Already during the Middle Ages, beds were designed for clearly ceremonial effect. The four posts supported an expanse of cloth that extended from the head like a canopy, just as the most distinguished row of choir stalls in a church was crowned by a baldachin an ornamental structure resembling a canopy. Miniatures in illuminated manuscripts of the same period show tentlike beds entirely closed by drapery and curtains. In the time of the absolute monarchies in the 17th and 18th centuries, pompous four-posters were developed in which the surrounding textile drapery completely concealed the wooden construction of the bed, thereby achieving a synthesis of practical and ceremonial considerations.

Every palace or mansion had a chamber of state among its official reception rooms. Where his royal highness spent the night was his own concern, but his awakening was an act of state, in the conduct of which princes of the blood, dukes, and distinguished courtiers all had their respective duties: A large number of 17th- and 18th-century four-poster beds are still preserved in palaces, country houses, and museums; and most of them have a clearly dramatic, almost theatrical effect.

The four-poster beds of the Baroque and Rococo periods, moreover, reflect great artistic refinement, especially in the rare instances in which they can still be seen in their original interiors complete with their entire textile adornment. Such beds of state are typical of continental Europe. In England and America, particularly toward the end of the 18th century, greater interest was taken in showing off the bedposts and the upper framework connecting them.

Many English four-posters have slender, finely carved mahogany posts, whereas on the Continent the corresponding parts may be entirely covered with the same silken material as that used for the curtains, canopy, and bedspread.

During the Empire period in France an entirely new form of bed was developed and won favour throughout most of Europe. The design was inspired by the Roman couch as known from reliefs and from excavations in Pompeii and Herculaneum.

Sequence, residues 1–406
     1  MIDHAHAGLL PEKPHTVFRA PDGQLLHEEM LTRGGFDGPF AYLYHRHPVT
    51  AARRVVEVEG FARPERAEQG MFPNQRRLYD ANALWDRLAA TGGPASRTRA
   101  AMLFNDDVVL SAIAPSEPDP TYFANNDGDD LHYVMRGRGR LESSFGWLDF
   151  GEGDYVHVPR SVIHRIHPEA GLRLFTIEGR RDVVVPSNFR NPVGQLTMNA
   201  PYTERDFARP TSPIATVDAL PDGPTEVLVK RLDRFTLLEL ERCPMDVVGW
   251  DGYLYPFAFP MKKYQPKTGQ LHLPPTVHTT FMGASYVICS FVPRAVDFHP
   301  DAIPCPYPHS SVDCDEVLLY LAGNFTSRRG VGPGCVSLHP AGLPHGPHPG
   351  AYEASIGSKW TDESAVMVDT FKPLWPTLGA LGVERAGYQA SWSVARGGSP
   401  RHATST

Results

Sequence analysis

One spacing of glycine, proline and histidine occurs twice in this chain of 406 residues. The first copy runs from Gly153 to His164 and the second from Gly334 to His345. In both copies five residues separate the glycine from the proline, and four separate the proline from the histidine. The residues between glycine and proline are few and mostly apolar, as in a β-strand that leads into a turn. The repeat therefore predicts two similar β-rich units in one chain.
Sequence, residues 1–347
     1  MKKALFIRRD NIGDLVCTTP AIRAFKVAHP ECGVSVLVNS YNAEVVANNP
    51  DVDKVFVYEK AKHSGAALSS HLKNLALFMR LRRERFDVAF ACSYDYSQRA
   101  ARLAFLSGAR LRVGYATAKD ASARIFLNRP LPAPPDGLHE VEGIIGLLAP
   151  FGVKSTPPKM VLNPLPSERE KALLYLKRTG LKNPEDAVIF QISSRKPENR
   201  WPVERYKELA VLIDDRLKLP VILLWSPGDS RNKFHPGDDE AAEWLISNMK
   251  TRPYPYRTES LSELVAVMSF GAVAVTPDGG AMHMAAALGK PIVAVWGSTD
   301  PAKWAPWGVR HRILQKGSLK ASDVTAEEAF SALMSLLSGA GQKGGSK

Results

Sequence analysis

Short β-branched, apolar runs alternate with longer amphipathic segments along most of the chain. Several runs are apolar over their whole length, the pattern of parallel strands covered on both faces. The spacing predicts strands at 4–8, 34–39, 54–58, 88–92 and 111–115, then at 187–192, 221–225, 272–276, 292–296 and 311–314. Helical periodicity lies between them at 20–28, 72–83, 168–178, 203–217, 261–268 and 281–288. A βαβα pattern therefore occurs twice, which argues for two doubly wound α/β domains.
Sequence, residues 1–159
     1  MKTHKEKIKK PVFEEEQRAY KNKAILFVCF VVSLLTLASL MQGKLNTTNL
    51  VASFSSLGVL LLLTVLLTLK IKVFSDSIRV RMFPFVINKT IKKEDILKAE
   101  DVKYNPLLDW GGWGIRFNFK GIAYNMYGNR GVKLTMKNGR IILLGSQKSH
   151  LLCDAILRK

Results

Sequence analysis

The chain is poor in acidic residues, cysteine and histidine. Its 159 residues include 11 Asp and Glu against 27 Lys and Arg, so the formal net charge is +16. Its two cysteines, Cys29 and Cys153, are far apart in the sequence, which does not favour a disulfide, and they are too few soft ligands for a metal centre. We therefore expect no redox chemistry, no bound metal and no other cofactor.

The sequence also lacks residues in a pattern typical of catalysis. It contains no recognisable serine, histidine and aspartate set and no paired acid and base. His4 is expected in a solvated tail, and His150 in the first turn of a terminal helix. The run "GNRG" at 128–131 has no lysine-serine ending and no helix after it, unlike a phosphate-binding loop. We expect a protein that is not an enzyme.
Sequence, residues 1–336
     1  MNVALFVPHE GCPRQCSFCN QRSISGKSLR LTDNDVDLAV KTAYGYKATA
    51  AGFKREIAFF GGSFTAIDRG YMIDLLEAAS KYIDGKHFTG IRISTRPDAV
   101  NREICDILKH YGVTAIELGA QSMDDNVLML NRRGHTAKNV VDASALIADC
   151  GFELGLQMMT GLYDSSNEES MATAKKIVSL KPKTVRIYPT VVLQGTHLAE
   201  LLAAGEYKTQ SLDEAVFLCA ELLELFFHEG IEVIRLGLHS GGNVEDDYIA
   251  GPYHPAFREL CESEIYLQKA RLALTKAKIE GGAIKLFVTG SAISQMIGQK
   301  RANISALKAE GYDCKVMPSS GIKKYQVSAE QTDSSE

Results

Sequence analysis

The frame was very high, and the bed ends consisted of volutes spiral or scroll-shaped forms of equal height. The bed was crowned by a tentlike superstructure, and the martial aspect was further emphasized by the use of spears to support the draperies and curtains; the whole bedroom, in fact, might well be draped like a tent. During a campaign, however, collapsible iron camp beds were more practical.

Napoleon owned several and died in one on St. As a furniture form, the iron bed was a neutral framework built to support bedclothes and equipped with stanchions upright supports for curtains; it was light, transportable, and spartan. Among plantation owners in the West Indies and the southern United States, a type of four-poster popular at the beginning of the 19th century was dominated by wood, rather than textile hangings. The posts supported very light, roughly made wooden frames, to which thin, white mosquito netting was fastened to protect the sleeper.

The monumental and dignified effect was obtained by the quality of the woodwork. Of thick dimensions, the wood is solid mahogany polished to a high gloss. The four bedposts are not necessarily identical at the head and foot of the bed, but all have bulbous and turned sections, exaggerated almost to the point of crudeness. The headboards and footboards are imaginatively designed with voluted gables triangular decoration and galleries ornamental railings supported on pillars.

Besides the practical function of these West Indian beds, they also served to indicate the importance of their owner; like the royal four-poster of the days of absolute monarchy , they clearly showed the difference between master and slave.